It’s time to save all the plugin files and then activate the plugin. Now, log in to the Author dashboard and see the changes.

Authors can no longer delete their published posts

Authors can no longer delete their published posts

The Trash option is no longer available for posts published by Authors. However, they can still delete their unpublished posts having Draft or Pending status.

Authors can still delete their unpublished posts

Authors can still delete their unpublished posts

If you want to disable even this ability, then you also need to remove the delete_posts capability from the Author role.

Adding or Removing Capabilities for Specific Users

If you want to add capabilities to a specific user, as opposed to an entire user role, then you can use the WP_User::add_cap() class function to add the capability.

// get the user object by their ID
$user = new WP_User( $user_id ); 

// add the capability to the specific user
$user->add_cap( $cap );

You can use the get_user_by() function to retrieve the ID of any user by using their email, login username, or slug.

Similarly, you can remove capabilities from a specific user by using the WP_User::remove_cap() class function.

// get the user object by their ID
$user = new WP_User( $user_id );

// add the capability to the specific user
$user->add_cap( $cap );

Like before, run these functions only on plugin or theme activation to keep your code optimized.

Note: Both add_cap() and remove_cap() are object methods of the WP_Role class. You cannot call them directly in your code. You need to access them by using either the get_role() function or the $wp_roles global variable.

Duplicating a User Role

You can create a new user role by cloning all the capabilities of an existing user role. Here’s how you can do that:

add_role( 'clone', 'Clone', get_role( 'administrator' )->capabilities );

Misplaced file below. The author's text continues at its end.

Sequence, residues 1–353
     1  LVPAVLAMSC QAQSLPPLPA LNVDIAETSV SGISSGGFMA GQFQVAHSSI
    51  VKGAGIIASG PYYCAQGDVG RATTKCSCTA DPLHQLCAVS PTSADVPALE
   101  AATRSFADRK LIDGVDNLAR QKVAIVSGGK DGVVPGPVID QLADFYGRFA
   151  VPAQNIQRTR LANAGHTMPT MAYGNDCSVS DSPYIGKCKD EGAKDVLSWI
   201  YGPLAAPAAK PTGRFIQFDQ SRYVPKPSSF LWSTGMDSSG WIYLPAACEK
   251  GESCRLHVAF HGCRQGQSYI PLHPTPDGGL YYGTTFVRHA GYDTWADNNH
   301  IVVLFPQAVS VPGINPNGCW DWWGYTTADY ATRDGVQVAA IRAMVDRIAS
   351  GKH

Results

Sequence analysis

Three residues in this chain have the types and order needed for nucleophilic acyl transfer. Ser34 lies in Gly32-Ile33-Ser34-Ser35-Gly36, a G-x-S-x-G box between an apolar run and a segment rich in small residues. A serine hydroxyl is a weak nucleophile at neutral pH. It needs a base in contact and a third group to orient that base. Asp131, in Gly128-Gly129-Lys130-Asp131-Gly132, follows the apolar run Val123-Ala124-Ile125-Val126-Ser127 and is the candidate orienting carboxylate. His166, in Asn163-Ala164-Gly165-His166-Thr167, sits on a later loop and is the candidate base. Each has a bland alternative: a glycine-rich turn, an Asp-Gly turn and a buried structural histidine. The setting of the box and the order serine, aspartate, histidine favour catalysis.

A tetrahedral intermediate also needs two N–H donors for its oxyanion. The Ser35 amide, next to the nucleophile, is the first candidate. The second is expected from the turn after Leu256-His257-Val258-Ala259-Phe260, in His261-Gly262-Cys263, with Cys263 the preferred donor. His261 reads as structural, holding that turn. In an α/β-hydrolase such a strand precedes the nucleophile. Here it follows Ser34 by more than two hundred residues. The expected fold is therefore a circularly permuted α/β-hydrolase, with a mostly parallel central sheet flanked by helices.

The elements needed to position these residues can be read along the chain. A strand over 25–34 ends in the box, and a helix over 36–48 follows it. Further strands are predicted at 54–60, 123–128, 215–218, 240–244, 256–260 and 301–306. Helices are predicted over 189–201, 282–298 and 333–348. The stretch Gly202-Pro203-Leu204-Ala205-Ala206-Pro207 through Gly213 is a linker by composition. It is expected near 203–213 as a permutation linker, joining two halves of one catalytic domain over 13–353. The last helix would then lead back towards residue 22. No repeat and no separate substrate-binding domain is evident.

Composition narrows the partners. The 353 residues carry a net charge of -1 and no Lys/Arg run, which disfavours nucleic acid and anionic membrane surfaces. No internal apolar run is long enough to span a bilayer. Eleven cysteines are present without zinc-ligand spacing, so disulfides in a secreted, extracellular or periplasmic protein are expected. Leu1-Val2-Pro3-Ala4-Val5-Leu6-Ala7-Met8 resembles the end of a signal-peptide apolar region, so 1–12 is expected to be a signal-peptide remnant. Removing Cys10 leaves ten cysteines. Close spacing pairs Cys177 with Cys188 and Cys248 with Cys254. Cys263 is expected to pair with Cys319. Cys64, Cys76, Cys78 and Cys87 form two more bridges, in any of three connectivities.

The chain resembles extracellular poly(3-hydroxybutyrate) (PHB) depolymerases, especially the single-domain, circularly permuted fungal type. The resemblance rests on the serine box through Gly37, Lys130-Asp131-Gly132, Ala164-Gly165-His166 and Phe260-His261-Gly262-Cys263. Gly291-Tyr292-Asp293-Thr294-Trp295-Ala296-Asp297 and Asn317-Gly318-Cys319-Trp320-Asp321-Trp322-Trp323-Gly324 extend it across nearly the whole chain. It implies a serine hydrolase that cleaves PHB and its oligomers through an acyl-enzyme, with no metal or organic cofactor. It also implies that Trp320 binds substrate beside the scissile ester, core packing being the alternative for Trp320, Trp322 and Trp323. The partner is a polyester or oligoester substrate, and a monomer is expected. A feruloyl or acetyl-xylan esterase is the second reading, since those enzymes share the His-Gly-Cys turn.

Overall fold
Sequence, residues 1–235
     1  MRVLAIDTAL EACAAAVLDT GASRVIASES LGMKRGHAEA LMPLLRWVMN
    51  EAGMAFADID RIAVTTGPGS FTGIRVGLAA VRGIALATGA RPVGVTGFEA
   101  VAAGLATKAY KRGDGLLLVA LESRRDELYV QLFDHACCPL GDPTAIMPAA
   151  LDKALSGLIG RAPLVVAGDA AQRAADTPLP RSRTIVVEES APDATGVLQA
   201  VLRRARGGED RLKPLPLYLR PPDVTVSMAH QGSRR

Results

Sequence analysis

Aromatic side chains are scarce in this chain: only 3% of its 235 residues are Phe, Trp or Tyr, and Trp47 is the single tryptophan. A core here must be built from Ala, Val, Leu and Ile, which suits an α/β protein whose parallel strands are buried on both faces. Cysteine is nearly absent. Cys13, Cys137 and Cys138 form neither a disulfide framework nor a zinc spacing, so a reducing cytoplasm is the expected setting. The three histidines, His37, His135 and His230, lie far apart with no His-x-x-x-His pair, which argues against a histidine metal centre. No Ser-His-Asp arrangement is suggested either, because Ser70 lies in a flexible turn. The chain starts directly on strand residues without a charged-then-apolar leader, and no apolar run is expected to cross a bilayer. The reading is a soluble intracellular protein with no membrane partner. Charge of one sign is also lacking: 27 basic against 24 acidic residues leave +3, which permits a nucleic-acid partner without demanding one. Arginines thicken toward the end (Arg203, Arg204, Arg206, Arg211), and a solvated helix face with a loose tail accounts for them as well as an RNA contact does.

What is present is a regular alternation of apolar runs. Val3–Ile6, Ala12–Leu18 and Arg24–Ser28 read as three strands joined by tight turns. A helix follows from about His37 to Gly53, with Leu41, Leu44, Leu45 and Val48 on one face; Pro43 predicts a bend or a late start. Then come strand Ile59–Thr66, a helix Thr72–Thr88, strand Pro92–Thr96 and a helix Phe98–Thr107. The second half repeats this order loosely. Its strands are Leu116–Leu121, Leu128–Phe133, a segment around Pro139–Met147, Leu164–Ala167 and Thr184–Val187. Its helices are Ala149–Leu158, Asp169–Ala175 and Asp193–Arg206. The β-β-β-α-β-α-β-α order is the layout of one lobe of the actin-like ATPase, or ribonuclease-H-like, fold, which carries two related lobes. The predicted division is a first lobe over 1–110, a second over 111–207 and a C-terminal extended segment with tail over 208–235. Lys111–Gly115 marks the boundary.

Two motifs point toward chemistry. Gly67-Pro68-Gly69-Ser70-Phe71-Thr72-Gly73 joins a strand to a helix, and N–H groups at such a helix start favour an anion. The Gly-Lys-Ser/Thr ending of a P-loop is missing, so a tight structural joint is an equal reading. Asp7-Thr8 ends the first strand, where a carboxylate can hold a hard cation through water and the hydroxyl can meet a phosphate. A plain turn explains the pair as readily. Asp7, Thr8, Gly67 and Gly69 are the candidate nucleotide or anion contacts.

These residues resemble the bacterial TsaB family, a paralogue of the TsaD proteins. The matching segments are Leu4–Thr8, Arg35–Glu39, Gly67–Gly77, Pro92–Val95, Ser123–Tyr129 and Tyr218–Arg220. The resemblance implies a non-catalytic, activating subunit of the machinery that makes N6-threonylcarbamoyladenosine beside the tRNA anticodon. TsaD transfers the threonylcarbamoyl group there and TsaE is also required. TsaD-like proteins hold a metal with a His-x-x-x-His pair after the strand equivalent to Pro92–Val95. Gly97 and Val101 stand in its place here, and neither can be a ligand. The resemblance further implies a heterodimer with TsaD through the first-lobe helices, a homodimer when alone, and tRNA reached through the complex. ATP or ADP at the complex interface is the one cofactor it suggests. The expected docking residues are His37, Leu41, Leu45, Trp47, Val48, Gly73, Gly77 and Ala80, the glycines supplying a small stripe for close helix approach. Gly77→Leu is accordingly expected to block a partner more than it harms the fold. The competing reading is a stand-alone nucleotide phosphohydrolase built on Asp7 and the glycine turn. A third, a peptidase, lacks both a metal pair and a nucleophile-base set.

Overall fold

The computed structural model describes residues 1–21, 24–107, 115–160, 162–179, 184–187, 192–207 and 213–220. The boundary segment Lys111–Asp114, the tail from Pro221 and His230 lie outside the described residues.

In the above example, I’m creating a new role called Clone with the same capabilities as an Administrator. Running this code on theme or plugin activation will ensure that the cloned role is added only once.

How to Create Custom User Roles in WordPress

Editing capabilities of default user roles is a quick way to customize them. But if you’re looking to edit many capabilities of a role, then it’s a good idea to create a new custom user role altogether. This way you can set the exact capabilities you want for every role on your site.

To create a custom user role, you need to use the add_role() function. It accepts three parameters.

add_role(  $role, $display_name, $capabilities );

The first two parameters should be strings (and required) for the function to run. They define the new custom role’s name and display name, respectively. The last parameter is optional and should be an array. You can use it to assign all the capabilities for the new role.

Let’s create a custom user role called Community Manager who can moderate comments and edit posts throughout the site. Here’s how you can do it:

<?php

/*
Plugin Name:  Add Community Manager Role
Version:  1.0
Description:  Add a Custom User Role called 'Community Manager'
Author:  Salman Ravoof
Author URI:  https://www.salmanravoof.com/
License: GPLv2 or later
License URI: https://www.gnu.org/licenses/gpl-2.0.html
Text Domain:  add-community-manager-role
*/

// this code will run only once on plugin activation and never again
function add_community_manager_role() {
    add_role(
         'community_manager',
         __('Community Manager', 'add-community-manager-role'), 
         array( 
              'read' => true,
              'moderate_comments' => true,
              'edit_posts' => true,
              'edit_other_posts' => true,